It was not a good night for the Rio Grande Valley. Our monster southward moving supercell yesterday afternoon and yesterday evening interacted with and merged with a cluster of storms. That merger caused storms to essentially stall out and begin ‘training’ over portions of the Rio Grande Valley overnight. The result was six to over twelve inches of rain in about four to five hours. We also had a tornado about 30 miles southwest of Brownsville in northern Mexico (verified with a tornado debris signature). Flash flood emergencies were declared and it sounds like there were numerous issues.

Of course, that doesn’t even get into the monster hailers experienced in West Texas and the Concho Valley yesterday. Wind shear values aloft were a bit stronger than expected (the opposite of Sunday). Combined with extreme instability the strongest storms ended up producing giant hail (larger than the size of a softball) versus the golfball to hen-egg size I expected in my forecast yesterday morning. We may have had a few tornadoes southeast of San Angelo yesterday too. Their National Weather Service office will probably be out conducting damage surveys today to confirm any potential tornado tracks.

Simulated weather model radar from lunch-time all the way to 1 AM Wednesday.

There will be two regimes for thunderstorm activity today. Both regimes will feature relatively weak winds aloft which *should* prevent a widespread repeat of yesterday’s hail extravaganza. This will be much more of a typical ‘summer’ day of thunderstorm chances versus the springtime supercells we experienced yesterday. That being said, I’m sure mother nature will bring along a storm this afternoon in West Texas to prove me wrong.

In all seriousness, we could see a few stronger storms today. Localized damaging wind gusts of 55 to 65 MPH will be the most common hazard with the stronger storms (also known as microbursts). Nickel to golfball size hail may occur with some of the storms in the Texas Panhandle, West Texas, and the Permian Basin late this afternoon. Isolated flash flooding cannot be ruled out where we see any heavier storm lolly-gag along, especially if that occurs over an urban area.

Scattered showers and thunderstorms are expected by the late morning and afternoon hours across the Coastal Plains, Southeast Texas, the Brazos Valley, and East Texas. We could see some higher thunderstorm coverage thanks to an outflow boundary produced by the storms in the Rio Grande Valley overnight. The activity would tend to move northeast – with all storms producing dangerous cloud to ground lightning and some heavier rains. Dangerous lightning and locally gusty winds will be hazards to those outdoors. All of that mess should generally decrease in coverage around or shortly after dinner. Isolated thunderstorms could continue into the evening across Southeast Texas.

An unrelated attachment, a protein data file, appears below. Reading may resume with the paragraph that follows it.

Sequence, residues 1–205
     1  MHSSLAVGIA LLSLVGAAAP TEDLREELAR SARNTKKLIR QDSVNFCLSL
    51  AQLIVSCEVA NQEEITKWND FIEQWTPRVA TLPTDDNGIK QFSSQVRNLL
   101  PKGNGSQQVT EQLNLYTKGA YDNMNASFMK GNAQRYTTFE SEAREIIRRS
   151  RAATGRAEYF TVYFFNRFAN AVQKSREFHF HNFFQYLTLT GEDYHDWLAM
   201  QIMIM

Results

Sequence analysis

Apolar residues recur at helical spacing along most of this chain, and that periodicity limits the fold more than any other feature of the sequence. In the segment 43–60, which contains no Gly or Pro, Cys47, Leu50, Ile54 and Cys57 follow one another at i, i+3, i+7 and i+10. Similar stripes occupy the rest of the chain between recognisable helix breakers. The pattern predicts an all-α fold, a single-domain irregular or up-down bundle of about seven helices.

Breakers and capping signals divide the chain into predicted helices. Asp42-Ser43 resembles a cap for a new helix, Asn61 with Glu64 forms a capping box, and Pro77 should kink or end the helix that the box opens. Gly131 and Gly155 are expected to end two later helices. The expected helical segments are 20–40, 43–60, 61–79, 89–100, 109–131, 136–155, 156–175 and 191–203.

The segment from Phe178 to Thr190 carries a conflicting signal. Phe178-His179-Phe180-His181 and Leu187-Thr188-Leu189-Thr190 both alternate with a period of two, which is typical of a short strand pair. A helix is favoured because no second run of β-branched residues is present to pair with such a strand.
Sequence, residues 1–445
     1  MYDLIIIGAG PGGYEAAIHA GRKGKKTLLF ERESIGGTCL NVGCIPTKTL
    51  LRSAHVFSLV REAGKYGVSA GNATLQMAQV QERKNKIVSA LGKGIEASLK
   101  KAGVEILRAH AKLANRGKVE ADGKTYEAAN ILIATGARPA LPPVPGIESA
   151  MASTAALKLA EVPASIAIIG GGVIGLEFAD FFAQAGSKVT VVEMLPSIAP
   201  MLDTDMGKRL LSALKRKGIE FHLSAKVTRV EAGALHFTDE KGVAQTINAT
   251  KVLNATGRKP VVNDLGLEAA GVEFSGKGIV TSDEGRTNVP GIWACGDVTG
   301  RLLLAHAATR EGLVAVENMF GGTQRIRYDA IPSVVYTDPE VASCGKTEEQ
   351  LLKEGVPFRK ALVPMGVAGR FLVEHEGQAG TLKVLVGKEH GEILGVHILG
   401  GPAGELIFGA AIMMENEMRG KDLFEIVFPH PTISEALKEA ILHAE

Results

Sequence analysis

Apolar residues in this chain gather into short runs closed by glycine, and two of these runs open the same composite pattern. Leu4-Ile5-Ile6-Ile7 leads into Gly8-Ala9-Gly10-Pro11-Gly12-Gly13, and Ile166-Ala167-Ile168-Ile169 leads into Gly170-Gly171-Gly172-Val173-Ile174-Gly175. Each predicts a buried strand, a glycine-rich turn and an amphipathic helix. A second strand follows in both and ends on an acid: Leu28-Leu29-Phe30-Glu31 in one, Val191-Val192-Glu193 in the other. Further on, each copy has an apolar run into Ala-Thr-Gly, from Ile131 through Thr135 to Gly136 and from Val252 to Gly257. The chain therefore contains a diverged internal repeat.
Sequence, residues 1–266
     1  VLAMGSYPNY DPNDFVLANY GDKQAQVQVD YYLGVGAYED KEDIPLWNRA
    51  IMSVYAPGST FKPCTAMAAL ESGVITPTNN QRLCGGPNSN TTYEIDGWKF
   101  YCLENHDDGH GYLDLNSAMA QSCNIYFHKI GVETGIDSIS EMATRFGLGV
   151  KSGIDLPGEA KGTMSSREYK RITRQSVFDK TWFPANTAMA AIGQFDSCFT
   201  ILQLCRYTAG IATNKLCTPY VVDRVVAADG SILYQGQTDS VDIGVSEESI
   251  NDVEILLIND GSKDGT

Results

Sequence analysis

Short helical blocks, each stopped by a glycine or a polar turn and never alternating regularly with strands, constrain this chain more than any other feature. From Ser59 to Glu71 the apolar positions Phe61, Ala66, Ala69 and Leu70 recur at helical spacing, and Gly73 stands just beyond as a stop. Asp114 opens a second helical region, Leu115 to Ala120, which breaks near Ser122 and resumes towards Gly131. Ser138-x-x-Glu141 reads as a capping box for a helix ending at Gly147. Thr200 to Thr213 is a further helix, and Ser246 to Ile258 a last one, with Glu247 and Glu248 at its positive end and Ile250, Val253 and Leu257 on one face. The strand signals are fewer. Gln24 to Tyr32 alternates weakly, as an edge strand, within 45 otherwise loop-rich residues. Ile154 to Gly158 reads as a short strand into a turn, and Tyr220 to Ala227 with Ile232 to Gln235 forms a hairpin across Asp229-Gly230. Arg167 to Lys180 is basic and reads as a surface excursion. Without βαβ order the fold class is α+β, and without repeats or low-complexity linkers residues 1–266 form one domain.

Back into western portions of Texas. Wind shear values will be weaker than what we experienced yesterday – and hopefully, that’ll prevent any repeat of the giant hail. Isolated to scattered thunderstorms could develop after 4 PM along remnant outflow boundaries and east of the dryline in the Texas Panhandle, West Texas, the Permian Basin, and into the Trans-Pecos. Like yesterday, we could see erratic storm motions with ‘splitting’ storms.

Generally, though, we should see a slow eastward movement. Storm coverage will decrease after 9 PM as we start losing daytime heating and have the cap start to strengthen. By the late evening, we should be thunderstorm free across western Texas. Again, the strongest storms could produce hail up to the size of golfballs (perhaps a bit bigger if we get a more intense supercell), localized damaging winds over 65 MPH, and isolated flash flooding.

You can keep tabs of any thunderstorm activity today with our free HD interactive weather radar here on our website and in our free mobile app. Today looks like it’ll be our last day of ‘organized severe weather’ for a bit as we enter a more typical summer-time pattern. In that regard, we also are not seeing any signs of tropical mischief headed our way for the next week. That’s good because I want to actually get a chance to do some website design and modifications – but Mother Nature hasn’t given me a chance!